Data+ Research Teams Focus on Timing
July 6, 2016
While many students are spending their summer vacations at the beach or traveling with family and friends, 67 students are hard at work on their Data+ research projects at Duke.
Data+ is a summer research program for students to broaden their exposure across disciplines, engage in partnerships and deepen their research experience. During the course of the summer they meet three days a week for ten weeks for a collaborative lunch to share experiences and progress on the third floor of Gross Hall.
Joel Tewksbury and Miriam Goldman are two undergraduate students investigating the genetics of night vision. They’re doing a time series analysis of darkness adaption with the mentorship of James Murphy and their faculty advisor Elizabeth Cirulli.
The purpose of this research team is to discover what has not been researched before with generic data and understand how night vision works. They are using data from 1,243 healthy participants to test and compare the speed of adaption versus end score results and compare the generic data.
Once this is completed, they hope to describe darkness adaption speed, account for high variability of their findings, remove the outliers in the data and find the correlation with the speed of adaption as it relates to the genetic analysis.
Summer is a time when many people head to theme parks—but they can be faced with long lines for popular attractions. Students from another Data+ team are analyzing the wait time at world-famous theme parks under the Disney World brand. Disney World is made up of four theme parks, which are Magic Kingdom, Epcot, Hollywood Studios and Animal Kingdom.
The students will then compare the average time that customers actually spend waiting in line with the estimated wait time that the theme parks post. Then, they will examine the discrepancy between the posted times and the effect that they have on the customers’ behavior.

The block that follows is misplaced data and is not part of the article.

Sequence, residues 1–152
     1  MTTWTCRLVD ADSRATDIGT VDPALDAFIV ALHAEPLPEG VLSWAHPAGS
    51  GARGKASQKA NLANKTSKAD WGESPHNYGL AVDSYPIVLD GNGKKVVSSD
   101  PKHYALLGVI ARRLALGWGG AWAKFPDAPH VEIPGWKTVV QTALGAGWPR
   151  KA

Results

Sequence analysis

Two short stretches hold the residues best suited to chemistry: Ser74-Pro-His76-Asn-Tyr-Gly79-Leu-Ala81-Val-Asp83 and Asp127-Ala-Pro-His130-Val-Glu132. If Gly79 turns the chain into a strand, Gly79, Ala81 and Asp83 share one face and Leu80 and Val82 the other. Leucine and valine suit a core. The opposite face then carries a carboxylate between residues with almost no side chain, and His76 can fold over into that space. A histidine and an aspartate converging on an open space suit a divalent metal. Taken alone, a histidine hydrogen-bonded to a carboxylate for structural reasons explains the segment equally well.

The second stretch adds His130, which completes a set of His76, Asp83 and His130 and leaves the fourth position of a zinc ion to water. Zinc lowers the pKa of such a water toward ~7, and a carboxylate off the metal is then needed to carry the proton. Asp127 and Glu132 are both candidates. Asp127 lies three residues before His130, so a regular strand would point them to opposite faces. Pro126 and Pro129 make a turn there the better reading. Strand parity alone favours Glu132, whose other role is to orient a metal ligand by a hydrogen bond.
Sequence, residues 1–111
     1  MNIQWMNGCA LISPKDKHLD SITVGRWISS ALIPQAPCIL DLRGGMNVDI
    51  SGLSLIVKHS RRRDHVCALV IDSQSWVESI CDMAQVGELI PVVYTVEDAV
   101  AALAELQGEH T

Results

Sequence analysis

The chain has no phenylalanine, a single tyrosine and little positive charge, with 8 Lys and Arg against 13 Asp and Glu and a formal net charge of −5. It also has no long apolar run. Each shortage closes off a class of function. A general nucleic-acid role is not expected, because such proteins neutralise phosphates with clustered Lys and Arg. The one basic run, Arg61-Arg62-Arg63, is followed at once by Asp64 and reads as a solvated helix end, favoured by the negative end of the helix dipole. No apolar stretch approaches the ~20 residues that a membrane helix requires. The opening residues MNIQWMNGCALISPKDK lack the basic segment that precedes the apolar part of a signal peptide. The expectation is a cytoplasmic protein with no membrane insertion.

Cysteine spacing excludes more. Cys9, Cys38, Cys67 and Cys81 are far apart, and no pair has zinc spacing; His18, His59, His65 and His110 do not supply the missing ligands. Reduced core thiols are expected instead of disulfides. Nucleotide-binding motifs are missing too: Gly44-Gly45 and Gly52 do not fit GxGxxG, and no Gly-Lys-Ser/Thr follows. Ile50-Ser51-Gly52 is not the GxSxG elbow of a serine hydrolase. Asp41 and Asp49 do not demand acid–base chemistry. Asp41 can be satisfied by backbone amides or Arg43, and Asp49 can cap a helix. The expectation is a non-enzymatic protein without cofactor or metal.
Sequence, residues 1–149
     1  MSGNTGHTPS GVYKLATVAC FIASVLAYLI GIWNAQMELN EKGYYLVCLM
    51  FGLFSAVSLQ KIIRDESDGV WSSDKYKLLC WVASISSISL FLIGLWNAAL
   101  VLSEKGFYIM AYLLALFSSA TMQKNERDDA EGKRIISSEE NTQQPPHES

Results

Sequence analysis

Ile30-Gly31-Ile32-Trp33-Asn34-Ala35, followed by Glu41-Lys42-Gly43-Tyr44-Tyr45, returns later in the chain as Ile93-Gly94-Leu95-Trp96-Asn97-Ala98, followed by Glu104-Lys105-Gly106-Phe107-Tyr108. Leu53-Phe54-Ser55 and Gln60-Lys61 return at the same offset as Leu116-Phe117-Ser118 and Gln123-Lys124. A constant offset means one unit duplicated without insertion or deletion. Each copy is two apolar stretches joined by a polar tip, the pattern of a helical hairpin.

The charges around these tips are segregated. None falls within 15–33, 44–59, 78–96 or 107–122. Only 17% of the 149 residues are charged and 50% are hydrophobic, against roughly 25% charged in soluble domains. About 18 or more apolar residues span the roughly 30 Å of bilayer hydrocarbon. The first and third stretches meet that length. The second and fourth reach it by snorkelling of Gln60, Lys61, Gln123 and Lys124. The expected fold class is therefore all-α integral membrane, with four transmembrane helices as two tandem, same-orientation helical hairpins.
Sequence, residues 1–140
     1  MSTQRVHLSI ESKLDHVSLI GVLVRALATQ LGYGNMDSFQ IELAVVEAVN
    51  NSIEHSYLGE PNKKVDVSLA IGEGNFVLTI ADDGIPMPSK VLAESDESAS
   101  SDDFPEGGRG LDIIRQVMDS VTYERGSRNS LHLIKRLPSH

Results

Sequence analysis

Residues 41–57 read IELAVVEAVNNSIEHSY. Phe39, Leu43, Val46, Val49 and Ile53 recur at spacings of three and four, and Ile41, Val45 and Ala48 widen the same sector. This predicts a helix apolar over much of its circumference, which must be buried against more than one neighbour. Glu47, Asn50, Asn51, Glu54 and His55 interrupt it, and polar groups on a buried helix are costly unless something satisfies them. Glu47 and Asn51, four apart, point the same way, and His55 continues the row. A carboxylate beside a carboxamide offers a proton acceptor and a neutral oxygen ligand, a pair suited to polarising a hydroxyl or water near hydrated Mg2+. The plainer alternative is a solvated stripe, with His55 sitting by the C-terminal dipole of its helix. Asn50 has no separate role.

Student team members Oscar Li, Jerry Pan and Lei Qian presented their week 3 progressions on June 6th with the help of their faculty sponsors Alessandro Arlotto and Yehua Wei as well as their project manager Andrew Frazelle, a Ph.D. candidate.
By the end of the summer the team would like to confirm their assumption of a discrepancy in the times posted and the actual waiting time, as well as to predict actual wait times using past posted wait times and to discover any causal relationship between these two variables.
All Data+ teams will share their findings at a poster session in Gross Hall on Friday, July 29.
- Find out more about these Data+ teams, Night Vision and Smart(er) Routing at Theme Parks.
- Explore the Data+ program.
- Get involved with Bass Connections.
Written by Nathaniel Waddell, a Spring 2016 graduate of North Carolina Central University who is working as a communications intern for Bass Connections at Duke University. Originally from Wilmington, North Carolina, he majored in mass communications with a concentration in broadcast media. He is hoping to continue gaining experience in this field before applying to graduate programs.
Data+ is sponsored by Bass Connections, the Information Initiative at Duke, the Social Science Research Institute, the departments of Mathematics and Statistical Science, MEDx, and the Vice Provost for Research. Other Duke sponsors include Duke Health, Sanford School of Public Policy, Parking and Transportation, Development and Alumni Affairs, Duke Network Analysis Center, Samuel DuBois Cook Center on Social Equity, Professor Peter Lange, and the departments of Biology, Biostatistics and Bioinformatics, and Computer Science. Government funding comes from the National Science Foundation and the National Institutes of Health. Outside funding comes from Geometric Data Analytics, Inc., Sankofa, Inc., and RTI International. Community partnerships, data and interesting problems come from the Durham Neighborhood Compass, the North Carolina Justice Center, and the National Center for Gender Equality, the Smithsonian, Public Opinion Strategies, touringplans.com, the Triad Health Network, University of North Carolina–Greensboro, and the Dean of Academic Affairs.